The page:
Q&A with seniors Claire Qu, Megan Shaffer about Ignite, their business project at middle schools


Claire Qu Submitted Photo

Seniors Claire Qu and Megan Shaffer teach business concepts to a group of middle schoolers. They said the winning group’s project will implemented this week at Clay Middle School.

Aniket Biswal

Claire Qu

Q: What is the name of the project? What is the goal?

A: Our project is called Ignite. Its overall goal is to fill an educational gap in our school district. Megan and I noticed that there weren’t many business education opportunities at the middle school level, and we wanted to change that since we believe that business skills are important and applicable to any career and should be learned at a young age.

Q: How did you complete the project?

A: Ignite ran an after-school club at Clay and Creekside Middle School. We led these club meetings four days a week throughout the month of October (Clay met on Mondays and Wednesdays and Creekside met on Tuesdays and Thursdays). Then, at the end of the month, we hosted a competition at the high school. We reached out to local business owners, school administrators, and city officials, most notably Mayor Brainard, to serve as judges. And in order to make Ignite accessible to all students, we had to raise money to cover the costs of carrying out the program. To do this, we secured seven sponsorships from local businesses and their logos were featured in the competition program. Now, we are focusing on implementing the winning team’s idea, which was a middle school peer tutoring program. Mr. Crosby, the Principal of Clay Middle School, has recently approved the idea, and the program will launch right after spring break.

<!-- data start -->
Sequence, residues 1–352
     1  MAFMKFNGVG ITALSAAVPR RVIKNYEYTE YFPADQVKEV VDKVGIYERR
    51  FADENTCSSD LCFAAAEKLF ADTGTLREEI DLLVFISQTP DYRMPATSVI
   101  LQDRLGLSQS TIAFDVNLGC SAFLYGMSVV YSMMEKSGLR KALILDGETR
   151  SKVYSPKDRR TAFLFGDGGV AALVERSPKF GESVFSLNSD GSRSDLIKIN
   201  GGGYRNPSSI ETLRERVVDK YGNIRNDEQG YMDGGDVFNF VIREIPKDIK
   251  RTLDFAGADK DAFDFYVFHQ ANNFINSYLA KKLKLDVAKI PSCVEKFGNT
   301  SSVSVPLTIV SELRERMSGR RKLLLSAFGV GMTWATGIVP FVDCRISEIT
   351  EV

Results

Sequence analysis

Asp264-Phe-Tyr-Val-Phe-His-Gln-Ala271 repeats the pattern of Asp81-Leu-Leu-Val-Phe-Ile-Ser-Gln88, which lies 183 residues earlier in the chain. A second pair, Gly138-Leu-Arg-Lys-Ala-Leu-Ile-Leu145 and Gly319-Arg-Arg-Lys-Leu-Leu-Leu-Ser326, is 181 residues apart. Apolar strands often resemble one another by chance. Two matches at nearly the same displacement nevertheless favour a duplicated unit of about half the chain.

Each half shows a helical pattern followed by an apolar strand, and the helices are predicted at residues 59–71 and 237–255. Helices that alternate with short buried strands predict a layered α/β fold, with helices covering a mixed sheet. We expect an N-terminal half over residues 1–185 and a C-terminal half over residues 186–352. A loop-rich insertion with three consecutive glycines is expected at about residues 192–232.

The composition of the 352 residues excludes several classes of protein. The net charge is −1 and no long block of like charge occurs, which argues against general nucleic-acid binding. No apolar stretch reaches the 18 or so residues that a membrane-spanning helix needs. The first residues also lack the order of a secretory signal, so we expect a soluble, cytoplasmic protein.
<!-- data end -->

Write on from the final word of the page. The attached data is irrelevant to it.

Q: What is Ignite’s impact?

A: Ignite impacted nearly 60 middle school students in our school district. They learned valuable business skills and problem solving skills that will benefit them no matter what career path they decide to pursue. Ignite built confidence in these students to take risks and think outside of the box.

Megan Shaffer

Q: Why did you and Claire do this project?

A: Claire and I were both interested in business when we were in middle school, but there were opportunities to learn more. When I came to high school and started taking business classes, I realized how valuable the skills taught are. We wanted to provide students with an opportunity to gain skills in marketing, finance, and entrepreneurship and equip them to be confident in themselves. We also wanted to expose students to an aspect of business rarely mentioned, community focused projects. Many business classes teach students that being in business is all about making a lot of money. This shows students how to use their resources given to benefit those around them.

Q: How did you and Claire plan this project?

A: Ignite took a lot of planning. Claire and I met several times during the summer to plan Ignite as well as gave up the majority of October to lead the meetings at the schools, seek corporate sponsors, find guest speakers and competition judges, and buy snacks for the meetings. It was very challenging to coordinate Ignite, but it was so rewarding the see the students progress and grow throughout the project.  Every student came out of Ignite more confident in their abilities than when they started. Also, Claire and I went to each middle school twice a week for a month after school and taught them business concepts through games, videos, and simulations. The students then worked on creating a community-based proposal in a group. They were challenged to solve a problem in their school, neighborhood, or city and create a slideshow to visually show their solution.

Q: Why did you both decide to do this project now?

A: We wanted to impact the next generation of business leaders. If middle schoolers have the opportunity and tools to learn about business now, they will be more likely to succeed in their future, in high school classes and their careers. We knew the amount of time and effort it would take and knew that it wouldn’t happen unless we started it ourselves.